Contributed by Ricki Dewsbury
Siobhain Butterworth triple checks her work – and so should student journalists.
That was her message during a guest lecture at the University of Central Lancashire on her role as the Guardian readers’ editor.
Every year she deals with some 25,000 letters, emails and calls about stories. Eighteen thousand corrections are printed.
Speaking to student journalists could be one way to encourage fact checking before we start employment. I spoke with her afterwards about it.
Siobhain: “Lecturing to students of journalism was something my predecessor Ian
Mayes did and I decided to carry on for three reasons:
1) It’s important that journalism students understand what my role is about, why it was introduced and what the Guardian’s values are, because they may be writing for or about the paper in the future.
2) I think that, from an ethical point of view, journalists should be honest and open about their mistakes and willing to correct them. Students need to know that when you do this the sky doesn’t fall in and all the signs are that it improves the relationship of trust with readers.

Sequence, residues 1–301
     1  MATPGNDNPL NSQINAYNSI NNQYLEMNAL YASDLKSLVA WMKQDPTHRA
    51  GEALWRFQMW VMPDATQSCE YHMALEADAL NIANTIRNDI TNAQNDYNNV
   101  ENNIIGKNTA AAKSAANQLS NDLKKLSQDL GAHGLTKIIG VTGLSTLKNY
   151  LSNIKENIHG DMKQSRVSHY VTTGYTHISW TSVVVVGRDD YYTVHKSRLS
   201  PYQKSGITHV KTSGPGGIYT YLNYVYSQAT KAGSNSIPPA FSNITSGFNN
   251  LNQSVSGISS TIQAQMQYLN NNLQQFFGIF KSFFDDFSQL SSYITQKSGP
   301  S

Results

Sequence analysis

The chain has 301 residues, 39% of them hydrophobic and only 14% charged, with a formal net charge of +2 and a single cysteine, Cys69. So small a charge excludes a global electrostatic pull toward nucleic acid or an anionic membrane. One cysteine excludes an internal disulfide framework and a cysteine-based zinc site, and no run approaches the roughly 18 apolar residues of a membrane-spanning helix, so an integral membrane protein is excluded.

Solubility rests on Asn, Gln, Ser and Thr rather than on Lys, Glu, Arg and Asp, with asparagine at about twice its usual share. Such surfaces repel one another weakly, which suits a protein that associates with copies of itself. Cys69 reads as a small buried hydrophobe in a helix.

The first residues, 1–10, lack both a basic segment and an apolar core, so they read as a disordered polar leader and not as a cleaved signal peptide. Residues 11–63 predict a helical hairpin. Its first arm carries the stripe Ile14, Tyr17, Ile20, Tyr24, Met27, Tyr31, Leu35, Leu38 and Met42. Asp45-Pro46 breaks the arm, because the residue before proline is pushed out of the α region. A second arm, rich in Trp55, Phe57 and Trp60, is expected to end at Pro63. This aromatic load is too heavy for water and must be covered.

3) Journalists are readers, or potential readers, so it fulfils my brief to open channels of communication with readers.”
How important will it be for us to correct mistakes when we get a job?
Siobhain: ‘From a practical point of view it depends, to some extent, on who you work for and what kind of journalism you do. From an ethical point of view I think its incredibly important: readers understand that journalism is a fallible thing and that truth sometimes emerges incrementally. It’s futile for journalists to pretend otherwise and acknowledging mistakes will gain you the respect of your readers and audiences.”